2018 Porsche 718 Cayman GTS
Introduced in 2005 as a hardtop coupe iteration of the ever-popular Porsche Boxster roadster, the Cayman gets all the same good stuff as its topless sibling, plus the added rigidity and aggressive looks of a fixed roof. The latest fourth-generation was introduced in 2016, dubbed the 718 after the racer Porsche built in the late ‘50s. Now, Porsche is adding a new GTS iteration for the 2018 model year, and although we’ve seen a Cayman GTS in the past, this is the first time the formula has been applied to the fourth-gen 718. Per usual, the upgrades include a marginal power increase, more standard equipment, blacked-out trim pieces, and high-end interior materials.
Update 02/12/2019: We’ve updated this review with images taken at the Chicago Auto Show. This time around, the 718 Cayman GTS was dressed in a luxurious yellow that will just tickle your soul. Check out our fresh batch of images in the gallery at the bottom of this page!
2020 Porsche 911
Just like its predecessor, the 2020 Porsche 911 992 is a mix of old an new. While it rides on new underpinnings and features state-of-the-art technology, its design harks back to previous generations, including the original 911. The new sports car brings a few innovations to the market, but its most notable feature remains the fact that it’s the first 911 to not have a naturally aspirated engine.
Updated 01/11/2019: We’ve updated this review with a series of fresh images taken at the 2019 Chicago Auto Show. Check them out in all their glory in the gallery at the bottom of this page!
2019 Porsche Cayenne Coupe
The Porsche Cayenne Coupe is the company’s much-rumored competitor for the BMW X6, Mercedes-Benz GLE Coupe, and the recently unveiled Audi Q8. Rumored to break cover for the 2020 model year, the Cayenne Coupe seems to be a sleeker Cayenne with a coupe-style roof and minor changes to the design. The crossover was spotted on public roads in many forms in recent years.
Rumors of Porsche working on a competitor for the BMW X6 surfaced a few years ago, right before the Germans launched the mid-cycle upgrade for the second-generation Cayenne. Although original reports claimed a 2015 launch, Porsche’s competitor for the BMW X6 failed to show up. In the meantime, Mercedes-Benz came up with its very own proposition, the GLE Coupe. Not much is known about the Cayenne Coupe at this point, but it’s expected to use the same underpinnings as the standard Cayenne, as well as the same drivetrains. The name is not yet official so you should take the "Cayenne Coupe" nameplate with a grain of salt, but this badge is very likely given that the sleek crossover will be part of the same family. We’re still waiting for Porsche to confirm the new SUV, but until that happens, we created a rendering of the upcoming vehicle, as well as a speculative review about what it may bring to the table.
Updated 02/11/2019: Our spy photographers caught the upcoming Cayenne Coupe out for a testing session during cold winter conditions.
Porsche Carrera GT "Recommissioned" by Porsche Classic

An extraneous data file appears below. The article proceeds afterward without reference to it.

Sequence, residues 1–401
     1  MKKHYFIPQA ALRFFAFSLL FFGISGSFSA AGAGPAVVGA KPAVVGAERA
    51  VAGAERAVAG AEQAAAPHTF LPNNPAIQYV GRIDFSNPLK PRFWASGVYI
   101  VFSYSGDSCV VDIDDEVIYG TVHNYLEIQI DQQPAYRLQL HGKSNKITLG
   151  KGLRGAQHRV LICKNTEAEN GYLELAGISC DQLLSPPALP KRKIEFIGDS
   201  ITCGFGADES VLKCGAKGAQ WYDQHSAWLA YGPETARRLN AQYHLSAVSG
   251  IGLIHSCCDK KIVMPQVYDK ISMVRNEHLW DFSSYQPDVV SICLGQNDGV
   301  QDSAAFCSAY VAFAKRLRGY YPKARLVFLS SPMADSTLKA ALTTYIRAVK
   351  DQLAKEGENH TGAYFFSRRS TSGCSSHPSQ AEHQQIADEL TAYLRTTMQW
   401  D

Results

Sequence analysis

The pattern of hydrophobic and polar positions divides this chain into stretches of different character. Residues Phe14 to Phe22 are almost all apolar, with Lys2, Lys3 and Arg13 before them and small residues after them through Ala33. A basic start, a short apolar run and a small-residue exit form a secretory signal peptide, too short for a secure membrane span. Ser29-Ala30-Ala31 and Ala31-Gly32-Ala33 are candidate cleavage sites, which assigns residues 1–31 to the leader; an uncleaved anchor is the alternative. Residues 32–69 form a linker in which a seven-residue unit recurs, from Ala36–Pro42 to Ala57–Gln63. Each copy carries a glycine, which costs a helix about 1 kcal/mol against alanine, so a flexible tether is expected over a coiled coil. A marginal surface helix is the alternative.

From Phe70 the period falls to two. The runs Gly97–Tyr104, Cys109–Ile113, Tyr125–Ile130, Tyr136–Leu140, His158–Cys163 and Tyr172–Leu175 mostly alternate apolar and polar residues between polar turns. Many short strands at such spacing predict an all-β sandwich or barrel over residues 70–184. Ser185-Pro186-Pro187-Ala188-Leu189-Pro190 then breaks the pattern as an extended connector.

When a car is about to die its natural death, most car owners scrap it off and replace it with a new one. However, we enthusiasts try to do our best to bring it back to life instead of just disposing of something close to our hearts. Here is one such car lover who took his dying Porsche Carrera GT to Dr. Porsche Classic for a thorough restoration.
Did Jerry Seinfeld Really Sell a Fake 1958 Porsche 356A for $1.5 Million?
You may remember that back in early 2016 we covered Jerry Seinfeld’s announced auction of several of his classic Porsche models - all of which eventually sold for some $22-million in total. One of the cars he sold then has been proven to not be authentic and he’s now being sued for $1.5-million.
Porsche is Succeeding in North America Where Most Automakers Fail: Sedans
The U.S. sedan market was brutal in 2018 for a lot of automakers. But don’t tell that to Porsche; the German automaker is buckling all trends after posting its seventh straight year of record-breaking sales in North America. You would think that the Porsche Cayenne SUV and the Porsche Macan crossover would be spearheading that record growth, but that’s not the case. No, no, no. Of all models, it’s the Porsche Panamera sedan that’s pulling Porsche’s sales sleigh. The four-door saloon not only escaped 2018 with a downturn in sales; it completely went the other way with a 19.5-percent sales growth compared to its sales volume in 2017. While it still looks like the sedan market in the U.S. is steadily losing steam, Porsche remains immune to the trend. Don’t expect it to lose steam, either, now that the Taycan sedan is arriving this year.
Porsche is Sending Out Some Cool "Certificates of Participation" to Reservation Holders
Well, that’s what premium automakers do for their customers. The automaker has sent the first of several welcome packages and promotional materials to Taycan reservation holders, as the company inches closer to delivering the cars. “Certificates of Participation in the Taycan Deposit Option Program” have been mailed to buyers all across the world that have mangaed to find themselves in the waiting queue. Porsche sure knows how to make its first e-car’s customers feel special.
The 992-Gen 2021 Porsche 911 GT3 RS Will Remain Fully Aspirated and Feature a Surprise Upgrade
When it comes to track-proven performance, the Porsche 911 GT3 and GT3 RS are some of the most impressive nameplates around. Now, with the arrival of the new 992-generation 911 for the 2020 model year, the GT3 and GT3 RS are poised for an update, and as rumor has it the good times will keep on a’rolling with the same formula we know and love - power at the rear, as little weight as possible, and a high-strung six-cylinder for motivation. Even better is the suggestion that the Porsche’s lump of go will be a larger all-atmospheric six-cylinder, now with a few extra cc’s added on top.